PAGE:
Walk under water at the longest timber jetty in the Southern Hemisphere.
The undersea wonderland at the end of Busselton Jetty is not to be missed – and it’s all down to a wonderful combination of natural circumstance and man-made convenience.
The Busselton Jetty is the longest wooden jetty in the southern hemisphere. Built more than 150 years ago, it extends 1841m out to sea, making it the perfect construction to meet one of Australia’s most incredible natural phenomena.
Named after the Dutch merchant ship Leeuwin (which explored the WA coast in 1622), and stretching for 5500km, the Leeuwin Current is the world’s longest continuous coastal current. The amazing thing about it is that it shouldn’t even be there. According to scientists, because it’s a surface current running along a western coast in the southern hemisphere, it should flow north to the equator. Instead, by a lucky anomaly, the Leeuwin Current flows south, from the North West Cape, over the Ningaloo Reef and Shark Bay coasts, before curling eastward around Cape Leeuwin and heading all the way down to Tasmania.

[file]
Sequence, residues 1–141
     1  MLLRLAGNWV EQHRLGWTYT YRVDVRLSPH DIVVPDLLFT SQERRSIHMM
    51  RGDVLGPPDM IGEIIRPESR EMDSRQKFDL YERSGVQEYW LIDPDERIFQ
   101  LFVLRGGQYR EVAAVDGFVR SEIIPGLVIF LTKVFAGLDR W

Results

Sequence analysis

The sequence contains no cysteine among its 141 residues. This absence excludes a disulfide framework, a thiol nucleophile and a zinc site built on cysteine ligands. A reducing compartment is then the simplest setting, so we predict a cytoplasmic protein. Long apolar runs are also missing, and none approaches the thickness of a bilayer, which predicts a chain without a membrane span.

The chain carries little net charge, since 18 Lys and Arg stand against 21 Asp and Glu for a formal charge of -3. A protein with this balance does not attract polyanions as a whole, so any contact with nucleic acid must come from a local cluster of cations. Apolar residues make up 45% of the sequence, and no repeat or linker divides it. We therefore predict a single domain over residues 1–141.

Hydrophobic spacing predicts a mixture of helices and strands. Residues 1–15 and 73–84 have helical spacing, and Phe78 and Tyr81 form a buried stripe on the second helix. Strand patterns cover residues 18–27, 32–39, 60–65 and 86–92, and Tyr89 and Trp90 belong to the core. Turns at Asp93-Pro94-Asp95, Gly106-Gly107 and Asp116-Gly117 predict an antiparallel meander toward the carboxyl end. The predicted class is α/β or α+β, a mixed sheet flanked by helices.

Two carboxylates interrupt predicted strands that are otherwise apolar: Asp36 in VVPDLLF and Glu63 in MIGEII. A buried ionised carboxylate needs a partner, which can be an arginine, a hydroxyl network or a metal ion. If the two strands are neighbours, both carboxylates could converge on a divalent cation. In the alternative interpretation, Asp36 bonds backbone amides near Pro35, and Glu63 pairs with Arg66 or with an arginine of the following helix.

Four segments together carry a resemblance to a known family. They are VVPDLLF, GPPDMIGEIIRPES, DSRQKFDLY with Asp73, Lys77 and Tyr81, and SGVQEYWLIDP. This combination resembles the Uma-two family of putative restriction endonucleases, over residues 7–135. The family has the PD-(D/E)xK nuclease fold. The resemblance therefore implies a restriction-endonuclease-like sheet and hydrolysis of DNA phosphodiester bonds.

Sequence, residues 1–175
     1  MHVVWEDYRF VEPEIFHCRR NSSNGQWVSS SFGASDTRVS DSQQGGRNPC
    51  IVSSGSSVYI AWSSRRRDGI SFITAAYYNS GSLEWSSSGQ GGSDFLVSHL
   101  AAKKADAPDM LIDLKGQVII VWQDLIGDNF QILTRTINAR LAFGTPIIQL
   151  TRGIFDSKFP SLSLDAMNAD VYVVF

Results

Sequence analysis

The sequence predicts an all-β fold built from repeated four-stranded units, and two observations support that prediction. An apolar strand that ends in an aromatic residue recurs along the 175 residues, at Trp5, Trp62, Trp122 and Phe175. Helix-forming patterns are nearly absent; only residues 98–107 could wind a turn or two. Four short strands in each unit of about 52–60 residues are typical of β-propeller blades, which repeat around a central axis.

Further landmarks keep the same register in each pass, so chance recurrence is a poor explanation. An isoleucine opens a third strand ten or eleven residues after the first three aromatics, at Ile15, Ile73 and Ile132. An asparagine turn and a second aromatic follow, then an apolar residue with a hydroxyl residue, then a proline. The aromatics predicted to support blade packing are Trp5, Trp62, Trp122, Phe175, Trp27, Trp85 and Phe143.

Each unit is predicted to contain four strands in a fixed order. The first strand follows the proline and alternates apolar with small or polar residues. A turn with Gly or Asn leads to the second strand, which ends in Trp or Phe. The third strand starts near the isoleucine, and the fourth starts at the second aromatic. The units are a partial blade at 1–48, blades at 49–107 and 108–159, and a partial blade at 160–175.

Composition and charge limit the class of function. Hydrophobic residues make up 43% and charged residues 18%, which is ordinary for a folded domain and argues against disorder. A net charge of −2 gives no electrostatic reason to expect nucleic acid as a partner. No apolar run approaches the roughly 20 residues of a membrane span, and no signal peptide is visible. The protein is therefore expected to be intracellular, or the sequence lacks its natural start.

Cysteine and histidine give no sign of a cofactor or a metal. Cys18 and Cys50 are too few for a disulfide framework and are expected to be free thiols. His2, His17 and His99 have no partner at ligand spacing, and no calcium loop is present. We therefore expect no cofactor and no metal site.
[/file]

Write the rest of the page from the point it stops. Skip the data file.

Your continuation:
As the current flows south, it brings with it all sorts of marine life, a fact that has had a massive impact on Australia’s marine ecosystems, affecting climate, fisheries and the lifecycles of undersea species.
In the shallow Geographe Bay, the tropical water carried by the current stays warm enough for fish and corals to survive all year round, and that’s a fact that the Underwater Observatory at the end of Busselton Jetty takes full advantage of, providing the ideal place to view Australia’s greatest artificial reef… without getting wet. Eight metres below the surface of the ocean, in a waterproof chamber, you can view thousands of brightly coloured tropical fish swimming freely around the jetty’s pylons. You might even see a scuba diver or two.
There’s a cute, open-sided train that takes passengers to the end of the jetty, or you can take a lovely long walk and enjoy the ocean view.